In 2015, Serena Williams cemented her greatness with an achievement only a handful of others have managed, and she needed just 55 minutes to do it.
The measure of greatness is not an easy one upon which to settle.
For tennis, the most common measure of a player’s greatness is their Grand Slam success, but it’s not the only one. Some cite the career Slam, and others back simply their own judgement on a player’s talent. Some demand all three and more.
However, by whichever way you want to measure it, the one thing with which everyone agrees is that Serena Williams is a true great.
And, in 2015, she reached another milestone that cemented it even further when she won the Miami Open, becoming just the fourth woman to win the same tournament eight times.
If you need any context for just how tough a task that is, then look further than the company Williams joined: Martina Navratilova (12 at Chicago, 11 at Eastbourne, nine at Dallas, Washington DC and Wimbledon, eight at Los Angeles, the WTA Finals and Orlando), Chris Evert (eight at Hilton Head), and Steffi Graf (nine at Berlin).
What was even more impressive was how she won it. Williams considers the Miami Open her ‘home’ tournament, and she certainly bossed it like she owned it.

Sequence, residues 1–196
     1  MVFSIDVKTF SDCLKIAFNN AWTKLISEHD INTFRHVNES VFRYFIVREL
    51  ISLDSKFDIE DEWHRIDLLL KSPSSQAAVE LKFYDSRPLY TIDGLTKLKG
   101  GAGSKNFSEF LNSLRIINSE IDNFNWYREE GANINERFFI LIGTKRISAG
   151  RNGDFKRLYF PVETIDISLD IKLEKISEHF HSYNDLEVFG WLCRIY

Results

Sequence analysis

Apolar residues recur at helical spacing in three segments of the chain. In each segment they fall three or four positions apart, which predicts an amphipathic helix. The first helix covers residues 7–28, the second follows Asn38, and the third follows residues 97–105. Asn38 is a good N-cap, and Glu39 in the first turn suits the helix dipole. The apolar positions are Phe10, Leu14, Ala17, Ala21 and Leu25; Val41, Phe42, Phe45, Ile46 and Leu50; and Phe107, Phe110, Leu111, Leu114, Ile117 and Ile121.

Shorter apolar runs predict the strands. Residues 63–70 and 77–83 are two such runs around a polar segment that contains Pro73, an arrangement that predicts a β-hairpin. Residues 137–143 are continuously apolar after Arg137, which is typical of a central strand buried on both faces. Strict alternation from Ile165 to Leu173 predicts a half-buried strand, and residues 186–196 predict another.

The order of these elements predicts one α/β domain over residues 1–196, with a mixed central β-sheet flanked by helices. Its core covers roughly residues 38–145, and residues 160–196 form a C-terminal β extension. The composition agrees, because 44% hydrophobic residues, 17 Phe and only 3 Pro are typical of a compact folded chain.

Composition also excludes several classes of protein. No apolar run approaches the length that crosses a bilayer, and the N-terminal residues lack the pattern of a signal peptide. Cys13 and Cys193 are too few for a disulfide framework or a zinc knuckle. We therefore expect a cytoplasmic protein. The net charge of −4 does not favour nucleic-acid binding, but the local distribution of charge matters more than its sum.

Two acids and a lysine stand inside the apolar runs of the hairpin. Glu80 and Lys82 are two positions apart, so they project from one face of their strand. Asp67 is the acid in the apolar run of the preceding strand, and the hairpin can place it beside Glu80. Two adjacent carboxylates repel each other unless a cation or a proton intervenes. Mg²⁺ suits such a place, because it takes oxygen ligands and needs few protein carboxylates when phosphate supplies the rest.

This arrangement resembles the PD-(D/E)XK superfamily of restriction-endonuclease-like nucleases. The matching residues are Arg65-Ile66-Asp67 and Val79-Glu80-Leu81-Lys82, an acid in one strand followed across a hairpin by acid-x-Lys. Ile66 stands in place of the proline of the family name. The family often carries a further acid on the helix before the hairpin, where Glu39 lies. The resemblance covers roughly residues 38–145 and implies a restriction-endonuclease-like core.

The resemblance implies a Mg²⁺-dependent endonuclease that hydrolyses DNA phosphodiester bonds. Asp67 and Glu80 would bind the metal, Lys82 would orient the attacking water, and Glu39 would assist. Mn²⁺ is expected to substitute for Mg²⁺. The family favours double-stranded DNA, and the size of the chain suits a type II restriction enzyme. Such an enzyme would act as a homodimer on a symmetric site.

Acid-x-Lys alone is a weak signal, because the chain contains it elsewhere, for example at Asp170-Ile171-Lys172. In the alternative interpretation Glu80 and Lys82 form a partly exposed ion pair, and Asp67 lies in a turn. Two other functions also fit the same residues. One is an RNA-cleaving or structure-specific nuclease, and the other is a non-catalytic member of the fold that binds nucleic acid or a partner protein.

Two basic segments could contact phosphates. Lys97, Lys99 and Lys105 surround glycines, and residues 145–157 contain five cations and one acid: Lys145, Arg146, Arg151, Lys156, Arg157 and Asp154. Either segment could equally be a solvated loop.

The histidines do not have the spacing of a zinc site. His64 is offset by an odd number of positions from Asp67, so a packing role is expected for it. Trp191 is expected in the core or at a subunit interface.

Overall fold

In fact, she didn’t even need a full hour to banish a shell shocked Carla Suarez Navarro from court in the final, blasting her way to a 6-2, 6-0 win in just 55 minutes.
It was, and remains, an incredible display of sheer unadulterated authority.
“When I play with Serena, I know that she’s the best,” Suarez Navarro said. “She has the game to make me play bad.”
Williams won the final 10 games, including 25 of 30 points in the second set. That included winning 21 of 22 points on her first serve, and totaled 29 winners to three for Suarez Navarro.
That came after making a conscious decision to throttle back her serve too after struggling with it throughout the week.
“I improvised today,” Williams admitted. “I took some pace off to get my first serve in and it worked for me, because I haven’t been serving in this tournament the way I would like to.”
The result left Williams with an 18-0 record for the season and Suarez Navarro a top ten women’s player, the first with a one-handed backhand since Francesca Schiavone.
“I’d like to believe the older I get, the better I get,” Williams concluded. It’s always been tough to disagree.
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